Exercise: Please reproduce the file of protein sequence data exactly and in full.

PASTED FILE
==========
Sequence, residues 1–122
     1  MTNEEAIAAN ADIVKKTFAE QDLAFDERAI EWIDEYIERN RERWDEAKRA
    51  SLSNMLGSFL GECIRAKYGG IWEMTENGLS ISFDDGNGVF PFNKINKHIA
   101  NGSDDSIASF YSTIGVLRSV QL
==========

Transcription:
Sequence, residues 1–122
     1  MTNEEAIAAN ADIVKKTFAE QDLAFDERAI EWIDEYIERN RERWDEAKRA
    51  SLSNMLGSFL GECIRAKYGG IWEMTENGLS ISFDDGNGVF PFNKINKHIA
   101  NGSDDSIASF YSTIGVLRSV QL